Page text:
Disclosing documents to police does not necessarily entail a waiver of privilege, holds Quebec Appeal Court

A voluntary disclosure of a report protected by privilege to assist police in a criminal investigation does not quash the privileges attached to the document held the Quebec Court of Appeal in overturning a lower court decision, the latest indication that case law surrounding privilege continues to evolve, according to a legal expert.

In a decision that reviews and revisits Quebec case law surrounding privilege, the Quebec Appeal Court held that it would be contrary to public policy for the disclosure of privileged documents in criminal proceedings to “somehow” have the effect removing privileges attached to those documents. The waiver of lawyer-client privilege must be clear and unequivocal, added the Appeal Court in Centre universitaire de santé McGill c. Lemay, 2022 QCCA 1394.

Disclosure to a third party information protected by solicitor-client privilege in principle entails waiver of the privilege but the Quebec Court of Appeal emphasizes that context must be considered, which must take into account all the circumstances in the case, noted Montreal litigator with Lavery de Billy LLP, who recently published an article entitled “Professional secrecy and testimonial immunity” for the legal encyclopedia JurisClasseur Québec.

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Failure to protect solicitor-client privilege leads to acquittal of alleged Mafiosi

Two alleged Montreal Mafia leaders were acquitted of gangsterism and drug trafficking charges after Quebec Superior Court excluded wiretap evidence gathered by a joint police task force because they failed to put in place sufficient measures to prevent the interception of conversations between lawyers and clients.

In a ruling that will almost “certainly” be used by Quebec police forces as a wiretap procedural guideline, Quebec Superior Court Justice Éric Downs provides guidance on electronic surveillance, castigates police for failing to do enough to protect solicitor-client privilege, and warns that it would be imprudent to view his ruling as an inducement to consider law firm as safe havens to conspire and plan crimes, according to criminal lawyers.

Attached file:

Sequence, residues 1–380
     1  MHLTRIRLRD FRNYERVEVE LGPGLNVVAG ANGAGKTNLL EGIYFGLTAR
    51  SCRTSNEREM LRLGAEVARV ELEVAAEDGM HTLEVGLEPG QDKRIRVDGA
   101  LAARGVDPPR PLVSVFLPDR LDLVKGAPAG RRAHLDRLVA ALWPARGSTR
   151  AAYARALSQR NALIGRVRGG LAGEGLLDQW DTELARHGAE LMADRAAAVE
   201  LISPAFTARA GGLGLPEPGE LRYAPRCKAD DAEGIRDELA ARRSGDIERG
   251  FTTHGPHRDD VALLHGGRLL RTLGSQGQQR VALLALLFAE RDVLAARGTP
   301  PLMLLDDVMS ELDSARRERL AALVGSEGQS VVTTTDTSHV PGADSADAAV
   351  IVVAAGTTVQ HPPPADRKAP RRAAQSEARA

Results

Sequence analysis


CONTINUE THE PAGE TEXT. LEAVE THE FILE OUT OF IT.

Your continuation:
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Total amount of legal fees not necessarily covered by solicitor-client privilege rules Quebec appeal court

The total amount of professional billings paid to lawyers working on a mandate for public bodies is not necessarily automatically protected by solicitor-client privilege ruled the Quebec Court of Appeal.

In what is described as a precedent-setting ruling, the Quebec appeal court decision provides much-needed guidance and strikes a delicate balance between professional secrecy and public access to documents, according to legal experts.

“The importance of this lies with the distinction the Quebec appeal court makes between professional secrecy and public access to documents regarding legal fees paid by public bodies to lawyers,” said Pierre Trudel, a former director of Université de Montréal’s Public Law Research Centre. “The decision provides helpful guidance over what should remain protected by professional secrecy and what should be accessible to ensure public access to documents.”

But Bernard Pageau, who successfully plead the case, is under no illusions. Even if a leave to appeal to the Supreme Court of Canada is not filed or if the decision is not overturned, Pageau expects the ruling to upend longstanding practices by Quebec public bodies and the provincial Access to Information Commission gradually and begrudgingly.

“If it is a final decision, it will take some time before public bodies react and implement the changes,” said Pageau, the senior director of legal affairs at Québecor Média inc. “There may be public bodies that erroneously interpret the ruling or who will refuse (to grant access to documents) and we will end up having to bring the matter before the Quebec Access to Information Commission. But having a hearing before the Commission takes up to a year. That is a denial of democracy which prevents a citizen from exercising his democratic rights.”

In a unanimous decision, the Quebec appeal court held that legal billings are prime facie protected by professional secrecy because it generally contains a description of accomplished tasks, services rendered and often advice given but the total amount of legal fees paid to a lawyer working on a mandate for public bodies, such as municipalities or school commissions, are not automatically covered by solicitor-client privilege.